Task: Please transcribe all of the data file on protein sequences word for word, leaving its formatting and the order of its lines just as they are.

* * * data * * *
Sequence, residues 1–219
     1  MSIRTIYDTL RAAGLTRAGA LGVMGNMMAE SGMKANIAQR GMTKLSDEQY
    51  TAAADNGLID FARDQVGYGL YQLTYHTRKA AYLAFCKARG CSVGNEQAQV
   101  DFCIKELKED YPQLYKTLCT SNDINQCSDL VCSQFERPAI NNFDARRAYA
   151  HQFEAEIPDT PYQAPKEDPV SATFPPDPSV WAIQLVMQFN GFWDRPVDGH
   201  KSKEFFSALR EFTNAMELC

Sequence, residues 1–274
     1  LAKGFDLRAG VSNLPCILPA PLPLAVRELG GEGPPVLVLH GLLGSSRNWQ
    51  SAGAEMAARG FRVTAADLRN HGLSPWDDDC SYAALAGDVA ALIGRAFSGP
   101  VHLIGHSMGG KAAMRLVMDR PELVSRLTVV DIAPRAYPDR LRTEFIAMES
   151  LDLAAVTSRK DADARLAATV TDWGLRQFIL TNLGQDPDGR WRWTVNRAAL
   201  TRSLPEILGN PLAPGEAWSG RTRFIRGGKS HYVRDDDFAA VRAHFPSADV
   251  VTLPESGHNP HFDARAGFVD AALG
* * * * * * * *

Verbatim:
Sequence, residues 1–219
     1  MSIRTIYDTL RAAGLTRAGA LGVMGNMMAE SGMKANIAQR GMTKLSDEQY
    51  TAAADNGLID FARDQVGYGL YQLTYHTRKA AYLAFCKARG CSVGNEQAQV
   101  DFCIKELKED YPQLYKTLCT SNDINQCSDL VCSQFERPAI NNFDARRAYA
   151  HQFEAEIPDT PYQAPKEDPV SATFPPDPSV WAIQLVMQFN GFWDRPVDGH
   201  KSKEFFSALR EFTNAMELC

Sequence, residues 1–274
     1  LAKGFDLRAG VSNLPCILPA PLPLAVRELG GEGPPVLVLH GLLGSSRNWQ
    51  SAGAEMAARG FRVTAADLRN HGLSPWDDDC SYAALAGDVA ALIGRAFSGP
   101  VHLIGHSMGG KAAMRLVMDR PELVSRLTVV DIAPRAYPDR LRTEFIAMES
   151  LDLAAVTSRK DADARLAATV TDWGLRQFIL TNLGQDPDGR WRWTVNRAAL
   201  TRSLPEILGN PLAPGEAWSG RTRFIRGGKS HYVRDDDFAA VRAHFPSADV
   251  VTLPESGHNP HFDARAGFVD AALG